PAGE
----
Before any serious discussion of food deterioration, we need to define several terms that are important in understanding food deterioration.

a. Food Deterioration. The first term is food deterioration. We define this term as a series of continuous degradative changes occurring in a food item which may affect the product's wholesomeness, result in a reduction of its quality, and/or alter its serviceability.

(1) Deterioration is a continuing process that begins the moment an animal is slaughtered or a plant is harvested and continues until the item is no longer recognizable as a food item or is literally reduced to dust.

(2) Some of the techniques that are used to slow down the continuous changes are freezing, drying, blanching, use of additives, and canning.

(3) As a veterinary food inspection specialist, it is your task to recognize early stages of deterioration before the food items reach the consumer.

b. Wholesomeness. Wholesomeness is a term that refers to freedom from pathogenic or otherwise harmful microorganisms. Wholesomeness is a characteristic possessed by a food product that is conducive to good health and well being in the consumer.

(1) Unwholesome. Unwholesome food is food procured, packed, or held under unsanitary conditions that renders it injurious to the health of the consumer, or food or food containers having naturally occurring or added harmful substances, or food found to be filthy, putrid, decomposed, or produced from a diseased animal or an animal that died other than by slaughter.

(2) Off-condition. Off-condition is any variation from the expected appearance, feel, smell, or taste characteristics of a product when it was initially produced or processed for resale. (A product is considered unwholesome if any off-condition affects it in such a way that the product may be injurious to the health of the consumer.)

c. Quality. Quality is a term that refers to the degree of excellence or grade of a product. The quality is important in protecting the financial interests of the Government.

d. Serviceability. Serviceability is a term that refers to the usefulness of a food item. Reduced serviceability in a product may result in the use of additional processing methods to return the food item to its original state.

e. Spoilage. Spoilage is also a term which we often hear in conjunction with deterioration. Often, spoilage is used as a synonym for deterioration. However, we need to make a distinction between these two terms. We define food spoilage as an arbitrary end point of the deterioration process which denotes that a food item is unwholesome and, therefore, is no longer suitable for human consumption.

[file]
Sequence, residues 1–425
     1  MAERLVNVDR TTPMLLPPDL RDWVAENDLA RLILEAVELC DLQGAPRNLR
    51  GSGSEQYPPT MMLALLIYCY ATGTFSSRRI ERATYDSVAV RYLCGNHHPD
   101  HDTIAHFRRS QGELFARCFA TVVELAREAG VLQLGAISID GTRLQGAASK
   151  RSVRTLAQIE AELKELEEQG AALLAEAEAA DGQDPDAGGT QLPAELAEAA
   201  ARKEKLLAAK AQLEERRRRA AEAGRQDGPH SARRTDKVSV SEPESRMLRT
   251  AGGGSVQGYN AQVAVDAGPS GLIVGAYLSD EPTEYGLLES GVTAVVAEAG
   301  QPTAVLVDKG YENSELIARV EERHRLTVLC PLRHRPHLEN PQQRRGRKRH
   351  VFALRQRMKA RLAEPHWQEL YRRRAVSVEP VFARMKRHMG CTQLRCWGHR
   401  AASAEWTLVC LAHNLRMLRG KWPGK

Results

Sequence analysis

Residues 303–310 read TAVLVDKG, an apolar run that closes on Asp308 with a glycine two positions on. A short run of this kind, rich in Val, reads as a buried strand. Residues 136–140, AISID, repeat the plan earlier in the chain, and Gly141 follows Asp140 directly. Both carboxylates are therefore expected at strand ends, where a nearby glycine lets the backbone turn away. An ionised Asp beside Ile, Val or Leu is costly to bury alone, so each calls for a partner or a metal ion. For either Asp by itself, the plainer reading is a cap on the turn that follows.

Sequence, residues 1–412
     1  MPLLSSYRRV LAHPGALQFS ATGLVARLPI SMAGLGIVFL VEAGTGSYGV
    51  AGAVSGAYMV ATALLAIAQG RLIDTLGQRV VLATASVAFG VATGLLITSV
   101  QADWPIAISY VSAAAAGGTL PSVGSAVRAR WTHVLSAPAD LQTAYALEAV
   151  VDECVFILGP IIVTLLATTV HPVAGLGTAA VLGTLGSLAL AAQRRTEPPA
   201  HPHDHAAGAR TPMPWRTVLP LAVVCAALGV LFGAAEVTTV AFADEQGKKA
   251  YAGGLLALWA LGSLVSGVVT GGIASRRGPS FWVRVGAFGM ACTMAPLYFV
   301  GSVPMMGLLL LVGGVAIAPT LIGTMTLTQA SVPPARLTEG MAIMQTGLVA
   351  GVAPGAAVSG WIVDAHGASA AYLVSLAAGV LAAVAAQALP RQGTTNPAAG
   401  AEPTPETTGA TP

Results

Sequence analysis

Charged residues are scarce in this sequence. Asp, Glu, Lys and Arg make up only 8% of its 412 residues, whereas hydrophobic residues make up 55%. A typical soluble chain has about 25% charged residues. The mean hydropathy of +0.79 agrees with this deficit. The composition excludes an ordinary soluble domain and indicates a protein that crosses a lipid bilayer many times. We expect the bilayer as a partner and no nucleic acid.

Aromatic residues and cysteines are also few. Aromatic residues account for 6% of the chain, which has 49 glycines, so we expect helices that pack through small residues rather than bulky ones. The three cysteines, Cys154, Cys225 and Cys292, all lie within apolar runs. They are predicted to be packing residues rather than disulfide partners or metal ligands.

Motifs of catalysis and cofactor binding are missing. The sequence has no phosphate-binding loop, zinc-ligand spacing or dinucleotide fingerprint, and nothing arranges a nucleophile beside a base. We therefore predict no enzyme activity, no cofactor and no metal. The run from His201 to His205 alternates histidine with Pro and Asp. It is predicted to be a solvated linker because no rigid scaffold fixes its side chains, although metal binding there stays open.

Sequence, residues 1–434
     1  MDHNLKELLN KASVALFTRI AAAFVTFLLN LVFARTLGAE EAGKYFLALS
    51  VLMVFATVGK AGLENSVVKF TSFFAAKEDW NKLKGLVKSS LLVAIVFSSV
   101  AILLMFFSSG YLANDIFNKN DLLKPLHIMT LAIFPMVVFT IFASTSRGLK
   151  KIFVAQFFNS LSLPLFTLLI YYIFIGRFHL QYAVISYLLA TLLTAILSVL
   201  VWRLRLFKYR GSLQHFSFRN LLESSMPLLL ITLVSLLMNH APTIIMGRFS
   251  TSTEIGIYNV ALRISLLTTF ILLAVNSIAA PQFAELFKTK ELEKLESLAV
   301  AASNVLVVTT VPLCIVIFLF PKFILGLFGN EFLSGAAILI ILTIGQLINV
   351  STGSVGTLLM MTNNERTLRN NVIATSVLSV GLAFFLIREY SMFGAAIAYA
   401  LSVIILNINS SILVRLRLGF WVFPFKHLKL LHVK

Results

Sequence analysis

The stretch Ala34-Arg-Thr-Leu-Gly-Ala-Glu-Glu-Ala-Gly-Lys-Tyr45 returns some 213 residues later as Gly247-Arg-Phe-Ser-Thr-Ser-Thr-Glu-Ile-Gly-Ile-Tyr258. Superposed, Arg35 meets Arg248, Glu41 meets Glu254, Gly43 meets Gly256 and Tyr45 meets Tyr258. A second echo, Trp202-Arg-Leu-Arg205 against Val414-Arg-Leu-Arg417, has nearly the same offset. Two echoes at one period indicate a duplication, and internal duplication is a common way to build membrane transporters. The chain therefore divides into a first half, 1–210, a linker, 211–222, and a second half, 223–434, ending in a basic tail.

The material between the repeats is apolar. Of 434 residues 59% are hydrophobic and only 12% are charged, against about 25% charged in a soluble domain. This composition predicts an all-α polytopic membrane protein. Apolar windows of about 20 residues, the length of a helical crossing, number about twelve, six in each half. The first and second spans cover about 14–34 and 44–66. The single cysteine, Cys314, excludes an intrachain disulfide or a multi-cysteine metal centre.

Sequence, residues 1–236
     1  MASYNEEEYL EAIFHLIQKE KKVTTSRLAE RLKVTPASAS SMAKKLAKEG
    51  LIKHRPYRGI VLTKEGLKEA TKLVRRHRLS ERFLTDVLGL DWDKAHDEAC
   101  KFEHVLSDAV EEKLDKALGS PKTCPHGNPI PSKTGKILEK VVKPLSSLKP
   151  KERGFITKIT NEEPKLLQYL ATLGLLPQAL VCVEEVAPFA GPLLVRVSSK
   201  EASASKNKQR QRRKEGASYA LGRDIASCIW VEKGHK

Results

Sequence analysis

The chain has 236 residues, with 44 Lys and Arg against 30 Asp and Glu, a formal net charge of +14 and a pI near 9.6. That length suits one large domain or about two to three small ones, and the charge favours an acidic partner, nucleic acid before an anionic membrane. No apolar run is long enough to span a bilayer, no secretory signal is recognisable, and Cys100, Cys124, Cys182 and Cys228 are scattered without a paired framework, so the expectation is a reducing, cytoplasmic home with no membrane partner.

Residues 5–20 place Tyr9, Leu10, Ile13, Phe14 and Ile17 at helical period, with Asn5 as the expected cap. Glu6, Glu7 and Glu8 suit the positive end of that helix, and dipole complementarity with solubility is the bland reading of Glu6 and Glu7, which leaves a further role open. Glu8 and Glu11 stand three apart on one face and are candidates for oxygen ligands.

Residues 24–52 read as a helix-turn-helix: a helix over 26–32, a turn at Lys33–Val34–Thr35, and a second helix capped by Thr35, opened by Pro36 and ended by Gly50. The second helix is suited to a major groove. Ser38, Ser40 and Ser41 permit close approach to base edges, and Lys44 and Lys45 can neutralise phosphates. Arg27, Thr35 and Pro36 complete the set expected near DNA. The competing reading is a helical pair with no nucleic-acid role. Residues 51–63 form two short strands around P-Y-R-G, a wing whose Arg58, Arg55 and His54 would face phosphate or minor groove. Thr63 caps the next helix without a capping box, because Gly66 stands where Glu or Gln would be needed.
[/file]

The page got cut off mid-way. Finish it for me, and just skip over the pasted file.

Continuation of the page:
(1) Spoilage is a result of the deterioration process. We should use the term spoilage as a benchmark--a signal to denote that a food item is unwholesome and is no longer suitable for human consumption.

(2) We know that spoilage can occur anywhere during the deterioration process. The point of spoilage depends upon such factors as type of food (milk vs. beef), storage environment (low-temperature storage vs. high-temperature), and method of preservation (canning vs. freeze dehydration).

f. Abnormal. Abnormal is another term that is commonly used in a discussion on deterioration and spoilage. Abnormal is a sensory evaluation term that refers to those characteristics exhibited by a food item, which is judged to differ from the normal characteristics; the food item does not lie within the permissible variations possessed by high-quality like items.

(1) Knowledge of normal characteristics. Determining the normal characteristics of a food item is an important and vital step in the inspection of subsistence. Without knowing normal characteristics, it is very difficult to determine if a product is deteriorated or spoiled.

(2) Permissible variation. An example of the permissible variation possessed by a high-quality like item would be celery. Celery has a range of colors that varies from light to dark green. All of these would be normal for the product. Abnormal colors would be black, purple, or red.

g. Food Adulteration. Food adulteration is another term we commonly associate with deterioration. A simple definition of this term is an act or process, either intentional or unintentional, of making a food impure.

(1) Reference. A more complete explanation of what constitutes food adulteration is found in Chapter IV, Section 402, of the Food, Drug, and Cosmetic Act.

(2) Stated meaning. Adulterated shall mean the condition of a food:

(a) If it bears or contains any poisonous or deleterious substance in a quantity which may render it injurious to health.

(b) If it bears or contains added poisonous or deleterious substance for which no safe tolerance has been officially established, or in excess of such tolerance if one has been established.

(c) If it consists in whole or part of any filthy, putrid, or decomposed substance, or if it is otherwise unfit for human consumption.

(d) If it has been processed, prepared, packed, or held under unsanitary conditions, whereby it may have become contaminated with filth, or whereby it may have been rendered injurious to health.

(e) If it is in whole or in part, the product of a diseased animal, or an animal which had died other than by slaughter.

(f) If its container is composed in whole, or in part, of any poisonous or deleterious substance that may render the contents injurious to health.

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